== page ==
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New Launch Control Room Ready for STS-121 Liftoff
Rows of launch computer consoles fill the floor of Firing Room 4. When Space Shuttle Discovery lifts off on its mission from Kennedy Space Center in Florida, the best view of the flight might be from the new Firing Room 4. Through its huge two-story windows, engineers will watch the vehicle thunder into space as they debut NASA's most advanced control room ever.

Image to right: The newly renovated Firing Room 4 is outfitted with ergonomically designed computer consoles specifically constructed for launch engineers. Credit: NASA

A firing room is what most people think of as "mission control" for launch. "The firing rooms serve as the nerve center for the launch and orbiter processing," said NASA Test Director Ted Mosteller.

A building at Kennedy called the Launch Control Center houses each of the four rooms. On launch day, a firing room is packed with upwards of 216 engineers at computer consoles, checking a space shuttle's systems to make sure everything is ready for launch. It's within the room's walls that the test director polls the team for the famous "go/no go" for launch. When not being used for launch, firing rooms also monitor the health of orbiters Discovery, Endeavour and Atlantis while they're inside their hangars being prepared for upcoming missions.

The opening of Firing Room 4 concludes two years of renovation that dramatically reinvented the space. "Originally, this area was a little bit of office space, a conference room and a small firing room," said Mosteller.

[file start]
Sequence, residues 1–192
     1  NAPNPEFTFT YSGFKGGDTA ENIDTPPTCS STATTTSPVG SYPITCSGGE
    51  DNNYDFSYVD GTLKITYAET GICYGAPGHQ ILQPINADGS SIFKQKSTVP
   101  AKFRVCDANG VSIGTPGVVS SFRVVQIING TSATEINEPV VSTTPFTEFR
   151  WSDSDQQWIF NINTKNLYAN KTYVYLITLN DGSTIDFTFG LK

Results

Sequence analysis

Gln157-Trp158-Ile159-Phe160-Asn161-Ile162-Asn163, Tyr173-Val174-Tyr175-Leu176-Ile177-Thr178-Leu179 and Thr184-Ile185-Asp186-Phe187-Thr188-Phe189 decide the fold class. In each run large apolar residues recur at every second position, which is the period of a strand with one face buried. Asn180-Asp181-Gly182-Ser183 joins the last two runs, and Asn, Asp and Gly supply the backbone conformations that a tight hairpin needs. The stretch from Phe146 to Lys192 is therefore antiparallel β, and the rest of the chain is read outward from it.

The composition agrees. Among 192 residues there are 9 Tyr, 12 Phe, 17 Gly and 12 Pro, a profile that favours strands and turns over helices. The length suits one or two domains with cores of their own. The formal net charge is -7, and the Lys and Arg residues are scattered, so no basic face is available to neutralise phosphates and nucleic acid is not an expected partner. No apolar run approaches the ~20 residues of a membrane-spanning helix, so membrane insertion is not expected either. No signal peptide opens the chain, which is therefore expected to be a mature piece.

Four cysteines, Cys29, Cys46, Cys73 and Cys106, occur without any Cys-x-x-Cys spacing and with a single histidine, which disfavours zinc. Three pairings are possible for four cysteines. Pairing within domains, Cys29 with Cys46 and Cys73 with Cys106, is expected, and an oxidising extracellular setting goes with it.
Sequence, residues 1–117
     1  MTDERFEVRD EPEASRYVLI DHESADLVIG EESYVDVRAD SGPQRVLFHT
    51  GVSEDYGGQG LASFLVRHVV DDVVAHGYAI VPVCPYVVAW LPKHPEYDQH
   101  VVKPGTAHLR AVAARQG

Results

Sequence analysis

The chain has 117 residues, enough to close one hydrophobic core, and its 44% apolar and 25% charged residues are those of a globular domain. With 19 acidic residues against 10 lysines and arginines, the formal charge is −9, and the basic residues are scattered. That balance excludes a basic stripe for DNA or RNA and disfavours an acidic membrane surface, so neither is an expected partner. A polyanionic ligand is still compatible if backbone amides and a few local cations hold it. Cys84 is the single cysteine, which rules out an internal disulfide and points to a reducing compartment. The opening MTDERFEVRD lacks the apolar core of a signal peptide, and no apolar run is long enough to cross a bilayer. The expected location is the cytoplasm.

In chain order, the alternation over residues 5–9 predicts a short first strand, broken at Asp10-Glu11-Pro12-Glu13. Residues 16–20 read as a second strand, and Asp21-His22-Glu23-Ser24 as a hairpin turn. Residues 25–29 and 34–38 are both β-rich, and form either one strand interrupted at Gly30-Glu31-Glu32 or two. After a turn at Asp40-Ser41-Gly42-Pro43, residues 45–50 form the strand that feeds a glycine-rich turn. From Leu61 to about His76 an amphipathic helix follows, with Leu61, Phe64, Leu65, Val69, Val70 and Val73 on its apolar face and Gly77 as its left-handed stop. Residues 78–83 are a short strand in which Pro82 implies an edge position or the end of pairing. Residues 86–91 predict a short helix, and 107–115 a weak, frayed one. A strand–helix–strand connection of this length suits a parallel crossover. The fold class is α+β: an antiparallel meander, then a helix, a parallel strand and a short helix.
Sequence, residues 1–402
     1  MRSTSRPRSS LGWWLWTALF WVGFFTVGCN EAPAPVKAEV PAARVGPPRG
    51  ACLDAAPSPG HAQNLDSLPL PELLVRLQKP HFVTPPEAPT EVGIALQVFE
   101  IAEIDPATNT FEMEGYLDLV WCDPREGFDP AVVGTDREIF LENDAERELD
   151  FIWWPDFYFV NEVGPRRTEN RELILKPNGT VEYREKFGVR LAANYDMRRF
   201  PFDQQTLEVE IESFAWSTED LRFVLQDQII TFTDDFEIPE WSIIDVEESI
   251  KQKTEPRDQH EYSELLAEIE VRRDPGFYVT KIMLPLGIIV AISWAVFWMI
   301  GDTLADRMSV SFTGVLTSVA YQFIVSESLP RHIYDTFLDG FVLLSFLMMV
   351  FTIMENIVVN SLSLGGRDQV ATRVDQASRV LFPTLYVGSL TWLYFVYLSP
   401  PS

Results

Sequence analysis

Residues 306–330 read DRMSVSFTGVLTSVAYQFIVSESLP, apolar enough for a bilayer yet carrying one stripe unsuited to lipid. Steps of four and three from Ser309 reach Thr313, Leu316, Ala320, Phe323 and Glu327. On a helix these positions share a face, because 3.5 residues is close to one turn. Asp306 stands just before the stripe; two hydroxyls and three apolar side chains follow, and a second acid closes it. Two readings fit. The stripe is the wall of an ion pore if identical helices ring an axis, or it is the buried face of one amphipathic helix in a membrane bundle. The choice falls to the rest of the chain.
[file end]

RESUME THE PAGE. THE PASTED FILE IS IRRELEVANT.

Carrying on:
Launch managers working at their computer consoles. The first space shuttle firing rooms were constructed in the 1970s and carved out of the existing infrastructure left over from the Apollo moon missions. While up to the task of launching shuttles, the rooms were notoriously noisy, crowded and frigidly cold. The renovation of Firing Room 4 gave designers an opportunity to blast away from the past and build the ideal space shuttle launch control room.

Image to left: Firing Room 4's consoles are equipped with the computer and communications systems launch managers use to monitor and launch space shuttles. Credit: NASA

The first thing NASA did to develop the room was get the input of the engineers who will use it. After compiling a wish list of features, NASA tested how well they would work. Rick Dawson, systems integration manager for the project, worked with a team that tried models of the room's new computer consoles on for size before moving ahead with manufacturing them. "We flew up to Calgary and set up a couple of the consoles and checked them out," said Dawson. "It saved us months of work."

The end result of NASA's careful planning is a comfortably cool, quiet and well-organized room specifically suited for space shuttle launches. Firing Room 4 looks like the sort of tidy, high-tech auditorium a capitol building or corporate headquarters might have. A new fire extinguishing system and a modern communication network are neatly tucked behind beige walls decorated by simple digital countdown clocks. And what of the computer consoles Dawson mentioned? They're just what the engineers hoped for; spaciously arranged on the floor, the consoles offer plenty of area to work and, most importantly, think.

Given that Firing Room 4 was designed for and by launch engineers, the ultimate question is how do they like their new workspace? "They love it," finalized Mosteller. "The first thing they say is they don't have to bring a jacket."

Charlie Plain
NASA's John F. Kennedy Space Center